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Maricopa county attorney: Apple-FBI dispute is a ‘very real issue’ in Arizona

New York police officers stand outside the Apple Store on Fifth Avenue while monitoring a demonstration, Tuesday, Feb. 23, 2016, in New York. Protesters assembled in more than 30 cities around the world to lash out at the FBI for obtaining a court order that requires Apple to make it easier to unlock an encrypted iPhone used by a gunman in December's mass murders in California. (AP Photo/Julie Jacobson)

LISTEN: Maricopa County Attorney Bill Montgomery - Maricopa County Boycotts Apple

Maricopa County Attorney Bill Montgomery said he has dealt with criminal investigations stymied by encrypted iPhones, which is part of the reason he stands with the FBI and its ongoing battle with Apple.

“We have several prosecutions currently pending in Maricopa County, where because of encryption issues, prosecutions have been hampered, so it’s also a very real issue for us locally,” Montgomery told KTAR News 92.3 FM’s Bruce St. James and Pamela Hughes on Thursday.

Montgomery said that locked phones weren’t an issue until Apple released its current iOS in 2014 without an encryption key. Before then, law enforcement could obtain the information they wanted from encrypted iPhones during “constitutional investigations that follow due process.”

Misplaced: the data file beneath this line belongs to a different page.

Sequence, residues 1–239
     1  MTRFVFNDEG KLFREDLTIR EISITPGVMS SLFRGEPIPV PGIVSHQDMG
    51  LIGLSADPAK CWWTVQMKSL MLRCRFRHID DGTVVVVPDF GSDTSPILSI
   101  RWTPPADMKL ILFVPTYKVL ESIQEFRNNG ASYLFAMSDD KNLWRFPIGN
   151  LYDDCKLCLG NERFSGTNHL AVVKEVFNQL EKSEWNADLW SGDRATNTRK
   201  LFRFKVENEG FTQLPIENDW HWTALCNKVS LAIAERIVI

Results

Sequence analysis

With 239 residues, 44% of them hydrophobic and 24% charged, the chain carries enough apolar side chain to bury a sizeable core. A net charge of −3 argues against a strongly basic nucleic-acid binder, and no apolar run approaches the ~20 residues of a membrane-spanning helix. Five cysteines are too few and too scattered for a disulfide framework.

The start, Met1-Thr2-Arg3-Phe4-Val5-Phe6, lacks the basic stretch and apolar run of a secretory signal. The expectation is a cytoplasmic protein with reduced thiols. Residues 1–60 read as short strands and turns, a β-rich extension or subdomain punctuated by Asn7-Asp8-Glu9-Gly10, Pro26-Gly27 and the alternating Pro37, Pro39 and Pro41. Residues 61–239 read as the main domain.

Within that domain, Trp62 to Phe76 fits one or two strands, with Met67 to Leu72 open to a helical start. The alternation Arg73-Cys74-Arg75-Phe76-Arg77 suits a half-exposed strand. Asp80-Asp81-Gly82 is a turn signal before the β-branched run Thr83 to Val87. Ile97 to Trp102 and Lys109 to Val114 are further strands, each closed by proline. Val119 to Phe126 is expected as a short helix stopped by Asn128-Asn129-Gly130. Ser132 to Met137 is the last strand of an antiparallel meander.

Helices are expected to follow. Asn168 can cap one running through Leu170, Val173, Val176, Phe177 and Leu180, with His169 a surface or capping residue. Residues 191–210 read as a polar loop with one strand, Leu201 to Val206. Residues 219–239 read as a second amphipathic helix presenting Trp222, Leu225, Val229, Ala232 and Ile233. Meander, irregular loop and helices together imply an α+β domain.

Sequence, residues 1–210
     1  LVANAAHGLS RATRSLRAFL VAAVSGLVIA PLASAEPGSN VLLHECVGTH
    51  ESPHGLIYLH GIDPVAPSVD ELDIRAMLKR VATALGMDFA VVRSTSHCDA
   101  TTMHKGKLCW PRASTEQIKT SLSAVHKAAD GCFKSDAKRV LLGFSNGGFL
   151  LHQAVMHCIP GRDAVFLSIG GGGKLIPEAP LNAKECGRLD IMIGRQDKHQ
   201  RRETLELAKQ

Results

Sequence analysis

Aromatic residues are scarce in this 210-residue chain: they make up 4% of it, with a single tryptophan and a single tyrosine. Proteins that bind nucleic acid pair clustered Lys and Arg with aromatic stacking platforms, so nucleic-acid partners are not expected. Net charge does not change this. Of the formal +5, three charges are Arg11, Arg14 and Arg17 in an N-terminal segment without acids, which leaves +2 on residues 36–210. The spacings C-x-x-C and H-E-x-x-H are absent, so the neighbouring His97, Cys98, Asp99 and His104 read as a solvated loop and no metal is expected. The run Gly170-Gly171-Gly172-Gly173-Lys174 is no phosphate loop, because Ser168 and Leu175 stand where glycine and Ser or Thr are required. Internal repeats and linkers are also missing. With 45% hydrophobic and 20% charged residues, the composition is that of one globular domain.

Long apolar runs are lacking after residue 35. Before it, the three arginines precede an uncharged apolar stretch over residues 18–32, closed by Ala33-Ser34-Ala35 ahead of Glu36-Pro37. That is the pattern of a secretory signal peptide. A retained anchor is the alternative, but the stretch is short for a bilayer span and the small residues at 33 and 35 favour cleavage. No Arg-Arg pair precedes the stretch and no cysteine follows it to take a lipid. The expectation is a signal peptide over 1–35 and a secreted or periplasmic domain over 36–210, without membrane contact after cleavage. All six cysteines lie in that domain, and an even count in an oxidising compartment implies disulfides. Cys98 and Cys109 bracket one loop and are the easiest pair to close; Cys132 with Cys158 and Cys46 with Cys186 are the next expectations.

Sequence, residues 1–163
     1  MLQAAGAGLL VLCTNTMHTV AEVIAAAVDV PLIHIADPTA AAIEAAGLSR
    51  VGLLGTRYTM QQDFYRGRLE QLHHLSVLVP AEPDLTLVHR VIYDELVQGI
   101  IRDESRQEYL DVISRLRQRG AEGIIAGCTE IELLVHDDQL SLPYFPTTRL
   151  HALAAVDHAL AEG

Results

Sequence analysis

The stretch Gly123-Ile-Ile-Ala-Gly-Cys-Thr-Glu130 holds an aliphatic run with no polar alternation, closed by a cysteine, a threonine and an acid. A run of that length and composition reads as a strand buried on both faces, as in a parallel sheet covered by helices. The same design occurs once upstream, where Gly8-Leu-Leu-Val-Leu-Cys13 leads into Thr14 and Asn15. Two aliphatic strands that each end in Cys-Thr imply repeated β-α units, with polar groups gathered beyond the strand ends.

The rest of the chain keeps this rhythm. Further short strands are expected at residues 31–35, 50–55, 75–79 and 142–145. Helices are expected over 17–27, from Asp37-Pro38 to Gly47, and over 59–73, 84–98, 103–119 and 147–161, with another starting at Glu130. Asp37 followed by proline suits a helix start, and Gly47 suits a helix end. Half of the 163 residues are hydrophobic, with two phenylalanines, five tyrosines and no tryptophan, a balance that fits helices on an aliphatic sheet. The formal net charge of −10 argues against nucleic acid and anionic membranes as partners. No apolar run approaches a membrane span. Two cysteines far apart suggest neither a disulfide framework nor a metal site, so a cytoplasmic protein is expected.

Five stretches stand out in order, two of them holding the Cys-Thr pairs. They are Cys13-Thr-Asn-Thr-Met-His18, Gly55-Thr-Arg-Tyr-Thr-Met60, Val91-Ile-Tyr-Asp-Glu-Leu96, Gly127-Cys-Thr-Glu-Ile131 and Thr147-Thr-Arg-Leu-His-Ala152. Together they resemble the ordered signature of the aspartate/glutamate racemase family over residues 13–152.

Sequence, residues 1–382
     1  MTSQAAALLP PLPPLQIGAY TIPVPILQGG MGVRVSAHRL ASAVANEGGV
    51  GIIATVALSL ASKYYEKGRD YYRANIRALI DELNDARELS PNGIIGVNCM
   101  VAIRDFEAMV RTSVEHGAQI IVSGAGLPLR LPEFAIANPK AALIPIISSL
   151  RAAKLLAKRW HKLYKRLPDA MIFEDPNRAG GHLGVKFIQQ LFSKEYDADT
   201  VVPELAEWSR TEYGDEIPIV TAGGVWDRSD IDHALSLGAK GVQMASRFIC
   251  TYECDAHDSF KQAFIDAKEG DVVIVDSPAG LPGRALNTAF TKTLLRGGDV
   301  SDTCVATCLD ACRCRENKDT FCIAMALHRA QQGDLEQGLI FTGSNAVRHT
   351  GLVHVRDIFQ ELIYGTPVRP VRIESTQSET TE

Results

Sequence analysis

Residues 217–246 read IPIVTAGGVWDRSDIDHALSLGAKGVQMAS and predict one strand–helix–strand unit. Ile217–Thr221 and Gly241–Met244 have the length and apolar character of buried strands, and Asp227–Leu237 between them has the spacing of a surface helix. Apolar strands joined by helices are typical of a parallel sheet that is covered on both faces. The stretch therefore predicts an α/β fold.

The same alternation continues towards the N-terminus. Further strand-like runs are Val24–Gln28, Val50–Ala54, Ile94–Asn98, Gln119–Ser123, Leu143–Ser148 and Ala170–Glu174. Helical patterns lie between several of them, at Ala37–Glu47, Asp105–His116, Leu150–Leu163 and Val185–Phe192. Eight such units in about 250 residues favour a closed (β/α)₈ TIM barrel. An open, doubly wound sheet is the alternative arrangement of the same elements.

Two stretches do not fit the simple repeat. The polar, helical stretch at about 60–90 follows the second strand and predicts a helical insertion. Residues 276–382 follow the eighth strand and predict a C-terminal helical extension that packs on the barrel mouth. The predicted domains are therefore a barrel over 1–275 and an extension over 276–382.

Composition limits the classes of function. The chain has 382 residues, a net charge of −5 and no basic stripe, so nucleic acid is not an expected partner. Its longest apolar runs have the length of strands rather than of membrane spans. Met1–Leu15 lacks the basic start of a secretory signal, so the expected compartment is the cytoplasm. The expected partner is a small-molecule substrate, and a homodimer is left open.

The county attorney said he sympathizes with citizens who believe their personal privacy trumps what the FBI is trying to do, but information on locked phones could be a matter of public safety.

“I’m not ignorant of the privacy issue, but I also don’t believe that we can use that to justify creating an environment in which criminals and criminal organizations act with impunity, and without the ability to hold them accountable,” he said.

In protest, Montgomery said Wednesday that his office will no longer provide iPhones to new employees and will not offer replacements or upgrades for existing employees. There are 564 smartphones deployed throughout the office, 366 of which are iPhones.

Apple has refused to unlock an iPhone used by one of the San Bernardino shooters per the request of the FBI, and wishes to take the matter to Congress for a decision.

“If Apple wants to become the official smartphone provider to ISIS and the Sinaloa Cartel, they can do so, but there is going to be a consequence,” Montgomery said Wednesday.

“Our country faces very serious threats and the position that Apple has taken certainly empowers those who would seek to harm or intend to harm or have harmed fellow citizens,” he added.


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